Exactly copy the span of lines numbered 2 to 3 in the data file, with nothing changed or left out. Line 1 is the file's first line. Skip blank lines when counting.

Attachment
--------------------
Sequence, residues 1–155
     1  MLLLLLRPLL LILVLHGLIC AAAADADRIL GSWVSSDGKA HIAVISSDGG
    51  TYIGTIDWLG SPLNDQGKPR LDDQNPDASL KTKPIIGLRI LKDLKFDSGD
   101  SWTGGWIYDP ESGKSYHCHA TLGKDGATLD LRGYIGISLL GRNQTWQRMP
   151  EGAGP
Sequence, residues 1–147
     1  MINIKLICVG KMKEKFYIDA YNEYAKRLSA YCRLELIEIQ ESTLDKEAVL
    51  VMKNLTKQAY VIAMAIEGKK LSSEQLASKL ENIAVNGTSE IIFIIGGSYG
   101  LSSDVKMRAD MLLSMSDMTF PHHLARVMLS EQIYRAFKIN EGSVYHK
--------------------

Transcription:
     1  MLLLLLRPLL LILVLHGLIC AAAADADRIL GSWVSSDGKA HIAVISSDGG
    51  TYIGTIDWLG SPLNDQGKPR LDDQNPDASL KTKPIIGLRI LKDLKFDSGD